OperaVPN is a free service — and like most free products, it comes with a catch.
Despite its name, Opera VPN is not a real VPN. It’s a proxy built into the Opera browser that’s also available as a Google Chrome extension. This proxy won’t secure your entire internet connection like a real VPN, only the browser where you have it enabled. It also lacks most security essentials that top-grade VPNs use to keep you safe. Worse, Opera’s browser actually collects your data for ads — that’s how you pay for the “free” service. Although Opera says data is only associated with an anonymous “device ID,” it still puts your privacy at risk.
I also found that Opera VPN is too slow for reliable gaming or streaming, has limited servers, no torrent support, and doesn’t work in China. It’s no surprise — free providers aren’t usually powerful enough for any of these activities.
Opera VPN is free and you don’t need to create an account to use it, so you can easily test it out for yourself as long as you don’t engage in any sensitive activities that may compromise your private data. But to save yourself time and ensure your online privacy, I strongly advise you to try a reliable VPN instead. Not only will it keep you anonymous online, but a top-grade VPN will also perform better in speed, security, and ability to access major streaming platforms.
If you often travel abroad or your favorite streaming sites are blocked by a corporate firewall, Opera VPN isn’t the best choice for unblocking content that you pay for. While I was able to log in to Hulu and HBO Max, the VPN was too slow for me to watch any shows or movies. With the Opera Browser proxy, I could stream Netflix US in low resolution, while the OperaVPN Chrome extension worked with BBC iPlayer for my colleague in the UK.
Though my team and I could use it to stream Netflix and BBC iPlayer during our tests, OperaVPN only let us connect to 3 very general server locations — Americas, Asia, and Europe. This means it won’t help you access a specific country’s library on streaming sites like Netflix or Disney+.
All the Opera VPN servers I tested managed to unblock Netflix US. This came as a surprise to me because the streaming giant uses powerful technology to detect and block proxy connections. But while I could log in and stream, my video quality was slightly grainy, and some shows took up to a full minute to load. There were also some buffering delays up to 20 seconds or longer, especially if I skipped around to different parts of the video stream.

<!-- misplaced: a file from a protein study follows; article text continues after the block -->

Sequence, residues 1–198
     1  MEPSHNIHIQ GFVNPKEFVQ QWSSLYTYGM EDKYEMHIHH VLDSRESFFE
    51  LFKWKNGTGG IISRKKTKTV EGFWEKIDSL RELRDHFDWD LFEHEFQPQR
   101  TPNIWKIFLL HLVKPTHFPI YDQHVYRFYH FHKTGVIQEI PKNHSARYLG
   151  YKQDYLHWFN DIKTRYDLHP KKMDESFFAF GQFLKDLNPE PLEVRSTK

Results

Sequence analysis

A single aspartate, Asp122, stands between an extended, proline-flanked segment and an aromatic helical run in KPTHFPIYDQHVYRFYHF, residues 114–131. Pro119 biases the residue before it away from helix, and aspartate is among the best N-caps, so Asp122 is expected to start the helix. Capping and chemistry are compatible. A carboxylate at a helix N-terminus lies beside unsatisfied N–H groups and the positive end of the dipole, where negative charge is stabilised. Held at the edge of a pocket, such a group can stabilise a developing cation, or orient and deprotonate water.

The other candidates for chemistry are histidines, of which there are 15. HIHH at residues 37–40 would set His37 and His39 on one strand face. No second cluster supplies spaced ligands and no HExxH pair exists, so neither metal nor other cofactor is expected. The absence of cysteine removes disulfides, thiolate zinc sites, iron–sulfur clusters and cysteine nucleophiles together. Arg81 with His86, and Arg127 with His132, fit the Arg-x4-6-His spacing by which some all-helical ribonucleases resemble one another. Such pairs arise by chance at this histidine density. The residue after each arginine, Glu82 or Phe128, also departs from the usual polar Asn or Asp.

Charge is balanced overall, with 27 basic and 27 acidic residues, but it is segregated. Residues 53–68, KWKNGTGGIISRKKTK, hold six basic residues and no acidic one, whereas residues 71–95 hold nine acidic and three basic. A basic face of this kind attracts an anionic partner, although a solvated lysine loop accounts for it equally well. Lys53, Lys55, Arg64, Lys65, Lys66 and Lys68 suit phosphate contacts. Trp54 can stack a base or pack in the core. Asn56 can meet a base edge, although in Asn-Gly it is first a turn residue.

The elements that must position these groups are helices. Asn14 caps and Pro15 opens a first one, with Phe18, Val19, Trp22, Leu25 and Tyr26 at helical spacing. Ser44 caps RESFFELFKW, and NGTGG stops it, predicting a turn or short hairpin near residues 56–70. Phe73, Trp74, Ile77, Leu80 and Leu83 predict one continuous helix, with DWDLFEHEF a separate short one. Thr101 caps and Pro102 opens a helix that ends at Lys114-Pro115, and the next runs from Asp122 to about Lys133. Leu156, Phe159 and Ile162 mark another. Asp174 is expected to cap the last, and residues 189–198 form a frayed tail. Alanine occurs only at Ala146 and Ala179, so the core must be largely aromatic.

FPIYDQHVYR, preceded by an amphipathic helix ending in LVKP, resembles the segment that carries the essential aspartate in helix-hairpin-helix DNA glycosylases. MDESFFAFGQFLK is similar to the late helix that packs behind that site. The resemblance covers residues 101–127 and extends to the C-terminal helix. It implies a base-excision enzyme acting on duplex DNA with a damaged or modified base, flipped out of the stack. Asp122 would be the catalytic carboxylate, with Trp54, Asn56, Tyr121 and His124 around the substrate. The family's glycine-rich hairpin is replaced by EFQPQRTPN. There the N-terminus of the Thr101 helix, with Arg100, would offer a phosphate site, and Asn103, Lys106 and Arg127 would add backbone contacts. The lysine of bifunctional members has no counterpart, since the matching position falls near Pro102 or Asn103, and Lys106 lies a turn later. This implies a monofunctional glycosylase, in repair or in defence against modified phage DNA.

Some titles were watchable, but I found the video quality too low to tolerate for action films, nature documentaries, and other content that relies on stunning visuals.
Other VPNs can reliably get past location and proxy errors on Netflix while also providing fast enough speeds for lag-free, bufferless streaming. If you want to keep up with your home Netflix library while traveling, I suggest you try CyberGhost’s optimized streaming servers, which give you top speeds for uninterrupted HD video.
My friend in the UK was able to watch several episodes of Luther on BBC iPlayer with OperaVPN’s Chrome extension. I was surprised to learn that he didn’t experience any lag or pixelation during his tests, and only minimal buffering at the beginning of each episode.
That said, he couldn’t connect to the streaming site using the Opera browser proxy, as it didn’t give him a UK-based IP address during his tests.
Opera VPN unblocked Hulu and HBO Max and let me log in, but with one huge caveat: it was too slow for me to watch anything. Videos wouldn’t load, or I’d get an error screen when I tried to watch something. The few times I got a show to start, constant buffering delays made it impossible to watch anything.
Opera VPN didn’t work at all when I tried watching Amazon Prime Video, Disney+. I either couldn’t log in or got proxy VPN errors when I tried to watch anything. To watch TV and movies on these sites, you need a VPN with more powerful servers to bypass these advanced proxy filters.
Instead of wasting your time on these error messages, I suggest you try CyberGhost. The VPN has servers explicitly optimized for major streaming sites like Amazon Prime Video, Disney+, and BBC iPlayer. While it’s not free, you can try CyberGhost’s streaming servers without committing to a purchase — it’s easy to get your refund as long as you request it within 45 days. Just remember that while using a VPN doesn’t violate most streaming platforms’ terms of service, unblocking their content from other countries is usually against the rules.
I ran speed tests on different Opera VPN server regions, and my results were inconsistent at best. When you use a VPN, your speed usually drops a bit because your connection gets encrypted and tunneled through another server; the farther the server, the slower the speeds.
My baseline speeds were 137Mbps, but when I tested Opera VPN, servers in my region (Americas) produced only 1Mbps — too slow for anything but basic web browsing and email. This 99% speed drop shocked me, seeing how Opera VPN wasn’t channeling my connection through a VPN protocol and the server was so close to my location. Servers in Asia — which were the farthest from my location and would usually be slowest — were a bit faster than the ones I tried in the Americas region. Meanwhile, servers in Europe gave me higher speeds than what I usually get on my network without a VPN.
I tried running speed tests on Opera VPN’s Chrome extension, but the Ookla Speedtest site wouldn’t load, no matter what server I tried.
The average speed I recorded during my tests was 42Mbps, but this number was distorted by extremely slow speeds on some servers and extremely fast speeds on others. Most servers were too slow for high-bandwidth activities like streaming, gaming, or video chat.